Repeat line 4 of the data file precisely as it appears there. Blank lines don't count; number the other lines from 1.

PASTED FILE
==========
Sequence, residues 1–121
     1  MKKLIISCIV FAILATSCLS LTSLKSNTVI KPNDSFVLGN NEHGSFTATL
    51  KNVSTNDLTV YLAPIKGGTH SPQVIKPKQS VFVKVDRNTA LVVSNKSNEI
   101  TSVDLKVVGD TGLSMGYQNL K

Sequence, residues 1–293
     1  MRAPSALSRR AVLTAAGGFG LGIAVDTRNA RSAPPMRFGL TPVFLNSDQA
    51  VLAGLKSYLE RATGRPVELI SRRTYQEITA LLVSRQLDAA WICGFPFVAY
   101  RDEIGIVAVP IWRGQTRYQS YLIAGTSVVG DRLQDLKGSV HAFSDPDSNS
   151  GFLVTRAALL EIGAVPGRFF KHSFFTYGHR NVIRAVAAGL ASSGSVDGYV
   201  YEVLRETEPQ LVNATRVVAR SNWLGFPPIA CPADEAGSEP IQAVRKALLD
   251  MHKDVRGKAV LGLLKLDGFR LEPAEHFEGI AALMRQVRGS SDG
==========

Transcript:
   101  TSVDLKVVGD TGLSMGYQNL K